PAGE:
Angry Writing

Today, I’m angry.

I’m not going to say why, because any explanation I could give would be far too tedious and unnecessary. But rest assured, I’m angry. Blindingly, burningly so.

I don’t like to face down a deadline when I’m angry, upset, or stressed about some real life problem. I much prefer to write while calm and collected, with gobs of of empty hours at my disposal.

But that’s the thing about deadlines. They care not a whit about one’s real life circumstances.

So here I am, fuming at several people, wishing this weekly column would go away. But I already missed last week’s post, and two in a row would be inexcusable. Instead of hiding from the world, I’m going to try a bit of advice I read years ago. I’m going to try and transfer the drama to the page.

In her book, The Right to Write, Julia Cameron describes the pain of a very public divorce from director Martin Scorsese, who had run off with another woman:

Forget “They cannot do this to me.” They had done it. The real question was “What was I going to do about it?” How would I “right” things? I would write things, I decided (44).

Cameron then set out to write God’s Will, a film based on her tempestuous marriage and divorce. As additional inspiration, she surrounded herself with news clippings of her husband’s adulterous exploits, creating a writing tool she titled the “Wall of Infamy” (sort of a darker version of my Inspiration Wall):

…I would glance up at the clippings: my husband dancing with his new love–my supposed friend. At the sight of them cheek to cheek, adrenaline would fly straight to my fingers. The smoldering anger and resentment became the ashes for a phoenix to rise from. A day at a time, a page at a time, a glance at a time at my Wall of Infamy and my script pages piled up. Days after the script was finished, my agent sold the script to Paramount.

I have not had the opportunity to read or view God’s Will, but I’m guessing that the script Cameron created, during those dark days of staring at news clippings, is raw and sincere. How could it not be, given the head-on way she faced her pain and rage?

When we write stories inspired by our own lives (in a way, every story ever written, ever), we may tend to give the most sanitized version possible.  We’re likely to paint ourselves, our relationships, and even our struggles in a positive light; after all, our friends and family are going to be reading, and we want them to think we have our act together.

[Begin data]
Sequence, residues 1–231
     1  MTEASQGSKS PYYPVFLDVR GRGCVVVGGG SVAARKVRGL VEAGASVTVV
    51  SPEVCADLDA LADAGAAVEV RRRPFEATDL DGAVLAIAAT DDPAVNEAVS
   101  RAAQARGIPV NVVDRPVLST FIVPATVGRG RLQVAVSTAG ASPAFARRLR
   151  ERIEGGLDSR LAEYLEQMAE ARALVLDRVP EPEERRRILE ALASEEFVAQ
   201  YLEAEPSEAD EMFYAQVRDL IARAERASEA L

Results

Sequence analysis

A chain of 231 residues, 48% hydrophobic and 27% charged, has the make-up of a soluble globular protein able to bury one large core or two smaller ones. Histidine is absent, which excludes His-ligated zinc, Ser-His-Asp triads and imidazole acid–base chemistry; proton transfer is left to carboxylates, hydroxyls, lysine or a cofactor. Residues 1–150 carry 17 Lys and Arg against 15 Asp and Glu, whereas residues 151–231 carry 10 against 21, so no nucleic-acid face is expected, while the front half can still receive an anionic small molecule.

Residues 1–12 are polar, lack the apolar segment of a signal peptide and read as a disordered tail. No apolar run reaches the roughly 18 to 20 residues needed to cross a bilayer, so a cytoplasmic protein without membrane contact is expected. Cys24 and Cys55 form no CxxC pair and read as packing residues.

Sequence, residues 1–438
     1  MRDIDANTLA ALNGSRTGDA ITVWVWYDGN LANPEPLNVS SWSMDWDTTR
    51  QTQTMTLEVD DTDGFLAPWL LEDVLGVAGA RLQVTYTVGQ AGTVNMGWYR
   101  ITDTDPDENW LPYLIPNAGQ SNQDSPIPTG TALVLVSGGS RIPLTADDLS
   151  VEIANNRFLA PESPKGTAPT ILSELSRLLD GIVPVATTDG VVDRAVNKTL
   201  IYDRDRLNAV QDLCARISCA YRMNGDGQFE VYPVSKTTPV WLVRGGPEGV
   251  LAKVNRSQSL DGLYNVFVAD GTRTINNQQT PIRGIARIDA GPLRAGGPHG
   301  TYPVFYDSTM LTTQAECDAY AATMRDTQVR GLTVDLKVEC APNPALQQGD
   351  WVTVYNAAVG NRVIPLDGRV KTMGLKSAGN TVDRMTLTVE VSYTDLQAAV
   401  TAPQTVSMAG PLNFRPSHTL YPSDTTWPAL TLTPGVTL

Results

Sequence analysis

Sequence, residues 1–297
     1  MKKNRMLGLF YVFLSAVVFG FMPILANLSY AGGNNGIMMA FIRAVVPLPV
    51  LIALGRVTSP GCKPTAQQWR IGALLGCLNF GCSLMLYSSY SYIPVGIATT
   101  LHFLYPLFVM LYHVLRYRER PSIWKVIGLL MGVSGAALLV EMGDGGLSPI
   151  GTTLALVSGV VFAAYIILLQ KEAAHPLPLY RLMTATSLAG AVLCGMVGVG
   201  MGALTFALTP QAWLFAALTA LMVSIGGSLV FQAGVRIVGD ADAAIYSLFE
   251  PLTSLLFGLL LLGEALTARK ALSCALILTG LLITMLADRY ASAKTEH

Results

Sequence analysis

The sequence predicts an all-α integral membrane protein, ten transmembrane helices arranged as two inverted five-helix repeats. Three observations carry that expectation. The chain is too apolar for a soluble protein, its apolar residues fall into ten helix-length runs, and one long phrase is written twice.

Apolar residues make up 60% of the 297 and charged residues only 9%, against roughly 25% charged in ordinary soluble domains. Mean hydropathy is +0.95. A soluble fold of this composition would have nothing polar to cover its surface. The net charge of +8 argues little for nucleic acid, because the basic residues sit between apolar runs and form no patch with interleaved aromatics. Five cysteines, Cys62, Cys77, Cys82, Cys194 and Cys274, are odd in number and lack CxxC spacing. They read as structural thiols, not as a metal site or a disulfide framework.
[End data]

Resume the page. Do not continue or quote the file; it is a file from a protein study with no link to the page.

If we wait until we are calm to write, we’re more likely to come up with squeaky-clean, harmless, relatively uninteresting prose.

Writing while angry, on the other hand–the gloves come off, and things will almost definitely get ugly. Ugly, dirty, real, and ultimately–readable.

But even if no studio had picked up God’s Will and no one had ever heard about it, Cameron still did herself a large favor by taking some time each day to transfer her burning fury to the page. What might she have done if she had not found an outlet? Siddhartha Gautama once compared holding onto anger like “grasping a hot coal”; cling to it long enough, and you’ll end up with some very serious burns.

The next time you feel all-engulfing anger, don’t swallow it down or wait for it to go away on it’s own. Use it. Send it to the page. Make it do the work for you.

As I come to the end of this blog post, I wonder if perhaps I could have used some of this space to spin a tale of bitterness and betrayal, starring some of the good folks I know. But my problems are really more suited to a short story than a Magnificent Nose post, so perhaps next time I’ll choose a different outlet.

I say next time, because as of right now, the very act of writing has already made me feel better. And that, at the very least, is something.

Writer and educator Sara Goas is a graduate of Lycoming College, and she specializes in creating content for the web. Her site has more examples of her work.


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